She shrank from the memories of the men who had said that they admired and valued her, and then, at the first quarrel or the first disgust, left her without the least concern. “That it was in their power to do that!” she thought, most bitterly, “that they had the money, the position, and I–nothing! But now a man is in my power. What do I want of him?” That question ran around in her mind like a rat in a trap. She had done with lusts, with emotions, she believed, as a child, sick from surfeit, has done with sweets. All passions seemed to her tawdry, what she had heard named love seemed but the tinsel dressing to disguise bestiality. She needed only the icy solitude of the mind, something to feed her pride, to glut her active malice against all mankind.
To secure her independence, Belle must face down an adversary who, though he is guilty of far worse indiscretions than she, has been protected by his gender and social position. In a world where appearances are everything, she cannily exploits her one asset, her ladylike manner, taking advantage of the ways in which men underestimate women. There is no better camouflage than shabby gentility, and Belle very consciously deploys it as a disguise to keep embarrassed police officers and magistrates from inquiring further into her past. When Belle finally locates the killer, she knows it, because he sees right through this surface to the woman she really is. The question is whether both of them can suppress their most destructive impulses long enough to see the game through.
Joseph Shearing (a pseudonym of Marjorie Bowen) skillfully evokes 1870s London, grounding Belle’s disgrace in concrete details of poverty and degradation. Backstage life at the theater, for example, is far from glamorous.
[Belle] was seated by a deal table which was scattered with hares’ feet, rags, glass jewels, pots of cream and rouge, odd thumbed playing cards, mugs and empty bottles–all flyblown and filthy. Her green and red dress was meant to represent a moss rose, a green cap was tied over her yellow wig; her face, without make-up or powder, looked pallid, almost featureless in the harsh light of the gas-jet which, enclosed in a wire cage, flared from a bracket on the dirty plaster wall, above which were open rafters hung with cobwebs.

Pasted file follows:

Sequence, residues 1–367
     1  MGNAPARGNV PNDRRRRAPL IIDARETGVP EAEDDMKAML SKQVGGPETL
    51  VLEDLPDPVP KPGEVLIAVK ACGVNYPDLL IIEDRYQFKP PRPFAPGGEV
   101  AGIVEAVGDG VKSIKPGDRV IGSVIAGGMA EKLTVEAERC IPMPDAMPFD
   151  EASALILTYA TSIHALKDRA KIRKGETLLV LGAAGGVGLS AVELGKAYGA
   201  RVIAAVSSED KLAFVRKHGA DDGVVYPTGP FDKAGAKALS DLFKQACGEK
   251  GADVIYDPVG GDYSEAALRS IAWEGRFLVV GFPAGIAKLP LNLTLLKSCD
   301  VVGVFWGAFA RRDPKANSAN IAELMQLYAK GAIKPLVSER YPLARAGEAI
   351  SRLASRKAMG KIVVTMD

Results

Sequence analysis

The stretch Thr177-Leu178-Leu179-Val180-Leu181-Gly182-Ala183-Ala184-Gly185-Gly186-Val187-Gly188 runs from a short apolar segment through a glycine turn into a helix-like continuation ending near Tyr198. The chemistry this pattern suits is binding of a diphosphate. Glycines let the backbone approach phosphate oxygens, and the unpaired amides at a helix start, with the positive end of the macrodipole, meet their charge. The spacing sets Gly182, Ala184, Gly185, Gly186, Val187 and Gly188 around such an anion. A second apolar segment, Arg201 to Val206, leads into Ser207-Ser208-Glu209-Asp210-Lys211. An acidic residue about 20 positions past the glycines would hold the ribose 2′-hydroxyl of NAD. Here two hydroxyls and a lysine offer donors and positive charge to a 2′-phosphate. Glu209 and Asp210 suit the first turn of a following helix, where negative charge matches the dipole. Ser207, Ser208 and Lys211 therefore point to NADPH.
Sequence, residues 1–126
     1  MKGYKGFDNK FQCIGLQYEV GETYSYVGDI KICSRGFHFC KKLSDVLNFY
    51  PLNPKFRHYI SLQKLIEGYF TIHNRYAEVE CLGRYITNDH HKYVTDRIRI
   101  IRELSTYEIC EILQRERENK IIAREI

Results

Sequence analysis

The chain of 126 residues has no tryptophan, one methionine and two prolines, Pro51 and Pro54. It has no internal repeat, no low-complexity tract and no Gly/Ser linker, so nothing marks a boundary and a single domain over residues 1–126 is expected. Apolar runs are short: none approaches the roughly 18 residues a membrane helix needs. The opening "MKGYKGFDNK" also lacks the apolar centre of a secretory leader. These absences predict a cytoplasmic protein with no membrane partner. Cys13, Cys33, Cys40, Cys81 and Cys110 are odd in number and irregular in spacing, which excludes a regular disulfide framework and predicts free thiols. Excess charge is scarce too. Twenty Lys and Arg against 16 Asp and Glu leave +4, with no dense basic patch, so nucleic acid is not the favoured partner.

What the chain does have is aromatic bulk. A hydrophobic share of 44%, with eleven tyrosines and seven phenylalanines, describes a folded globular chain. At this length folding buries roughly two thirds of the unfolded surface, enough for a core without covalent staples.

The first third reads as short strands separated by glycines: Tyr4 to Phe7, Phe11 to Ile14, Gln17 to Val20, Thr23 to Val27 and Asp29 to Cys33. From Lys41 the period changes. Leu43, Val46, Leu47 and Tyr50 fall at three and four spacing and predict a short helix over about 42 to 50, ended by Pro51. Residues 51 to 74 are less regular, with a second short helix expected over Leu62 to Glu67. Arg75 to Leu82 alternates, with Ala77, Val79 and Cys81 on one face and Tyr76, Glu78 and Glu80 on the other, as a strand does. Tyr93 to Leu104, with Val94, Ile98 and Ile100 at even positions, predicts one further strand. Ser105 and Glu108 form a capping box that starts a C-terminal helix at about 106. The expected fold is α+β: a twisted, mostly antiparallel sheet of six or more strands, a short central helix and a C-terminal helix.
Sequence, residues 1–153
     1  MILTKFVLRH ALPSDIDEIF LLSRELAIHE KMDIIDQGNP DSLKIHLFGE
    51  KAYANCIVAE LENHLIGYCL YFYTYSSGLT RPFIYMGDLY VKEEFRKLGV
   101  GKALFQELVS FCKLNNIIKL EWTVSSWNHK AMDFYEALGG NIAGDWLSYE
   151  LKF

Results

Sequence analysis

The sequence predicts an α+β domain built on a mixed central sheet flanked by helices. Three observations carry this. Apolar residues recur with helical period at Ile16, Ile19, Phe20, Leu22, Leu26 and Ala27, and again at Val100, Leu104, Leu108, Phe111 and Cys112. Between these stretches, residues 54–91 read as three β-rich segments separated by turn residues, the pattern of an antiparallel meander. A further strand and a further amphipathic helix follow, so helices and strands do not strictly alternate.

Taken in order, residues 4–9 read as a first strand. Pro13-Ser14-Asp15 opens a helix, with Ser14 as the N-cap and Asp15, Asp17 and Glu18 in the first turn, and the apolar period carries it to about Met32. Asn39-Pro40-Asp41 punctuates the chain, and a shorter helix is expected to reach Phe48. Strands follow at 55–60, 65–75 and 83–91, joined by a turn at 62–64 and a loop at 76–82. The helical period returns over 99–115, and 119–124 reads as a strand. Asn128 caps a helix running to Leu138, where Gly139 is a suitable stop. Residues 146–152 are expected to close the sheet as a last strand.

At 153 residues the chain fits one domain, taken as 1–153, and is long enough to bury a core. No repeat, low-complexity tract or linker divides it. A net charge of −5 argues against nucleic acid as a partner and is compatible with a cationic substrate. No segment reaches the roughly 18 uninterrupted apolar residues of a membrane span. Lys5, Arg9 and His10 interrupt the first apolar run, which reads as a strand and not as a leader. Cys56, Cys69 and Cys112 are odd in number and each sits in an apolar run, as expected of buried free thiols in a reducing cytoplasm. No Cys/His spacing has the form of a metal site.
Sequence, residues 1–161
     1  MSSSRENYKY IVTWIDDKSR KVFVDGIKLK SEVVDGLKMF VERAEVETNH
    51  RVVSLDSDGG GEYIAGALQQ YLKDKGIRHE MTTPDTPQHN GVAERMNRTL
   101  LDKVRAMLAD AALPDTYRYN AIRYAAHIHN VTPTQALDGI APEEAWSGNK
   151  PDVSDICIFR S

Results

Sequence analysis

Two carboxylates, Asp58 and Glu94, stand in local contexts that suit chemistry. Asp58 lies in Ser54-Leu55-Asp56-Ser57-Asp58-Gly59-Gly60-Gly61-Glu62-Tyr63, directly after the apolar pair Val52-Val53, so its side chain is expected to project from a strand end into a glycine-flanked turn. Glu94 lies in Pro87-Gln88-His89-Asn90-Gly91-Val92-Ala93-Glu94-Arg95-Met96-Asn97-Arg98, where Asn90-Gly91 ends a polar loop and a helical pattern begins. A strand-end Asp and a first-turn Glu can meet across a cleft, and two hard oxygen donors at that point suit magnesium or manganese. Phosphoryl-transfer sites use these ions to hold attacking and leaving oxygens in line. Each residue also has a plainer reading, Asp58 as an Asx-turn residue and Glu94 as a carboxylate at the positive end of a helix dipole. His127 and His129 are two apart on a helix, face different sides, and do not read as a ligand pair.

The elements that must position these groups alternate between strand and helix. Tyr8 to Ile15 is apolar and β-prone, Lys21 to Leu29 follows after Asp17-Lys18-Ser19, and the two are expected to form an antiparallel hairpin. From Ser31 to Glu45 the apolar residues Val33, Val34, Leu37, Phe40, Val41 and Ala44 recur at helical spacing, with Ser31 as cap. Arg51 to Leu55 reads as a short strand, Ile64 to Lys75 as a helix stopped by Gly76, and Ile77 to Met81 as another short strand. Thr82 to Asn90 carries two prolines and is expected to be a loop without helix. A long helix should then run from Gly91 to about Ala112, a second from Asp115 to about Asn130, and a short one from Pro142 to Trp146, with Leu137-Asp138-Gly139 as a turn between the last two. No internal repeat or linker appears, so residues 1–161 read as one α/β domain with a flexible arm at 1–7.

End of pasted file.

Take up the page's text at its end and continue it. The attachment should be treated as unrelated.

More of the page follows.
This isn’t the kind of Victorian Christmas that Dickens would approve of, but it’s easy to see how the glitz of the gin palace, false as it is, appeals to Belle as she trudges home to her cold and dirty lodgings. It appeases, for just a moment, her dreams of another life. Belle’s pantomime dance to the Moss Rose Waltz is her one moment of beauty, but even that is brief, illusory, and ultimately unsatisfying. The song and the flower will keep popping up throughout her journey, as if to remind her how large the gulf is between a dream and reality.
Moss Rose is centered around an unusual antiheroine who finds, in death, something to live for. The mystery and urgency of Belle’s quest makes the early parts of the book compulsive reading. Once her plans are revealed, however, it becomes a little too long and slow for the story it has chosen to tell. For all of these characters, the seeds of their futures were planted long ago. All that remains to be seen is whether it is already too late to prevent them from bursting into full, terrible bloom.
Kirkus Review, February 4, 1935
A morbid study of two characters bound together by knowledge of a crime, for the Francis Iles audience. Better than his previous book.
Moss Rose is out of print, with affordable used copies available. This title is in the public domain in Australia and Australian readers may view it at Project Gutenberg Australia
The 1947 film version, starring Peggy Cummings and Victor Mature, is available in 8 parts in a rather low-quality print on YouTube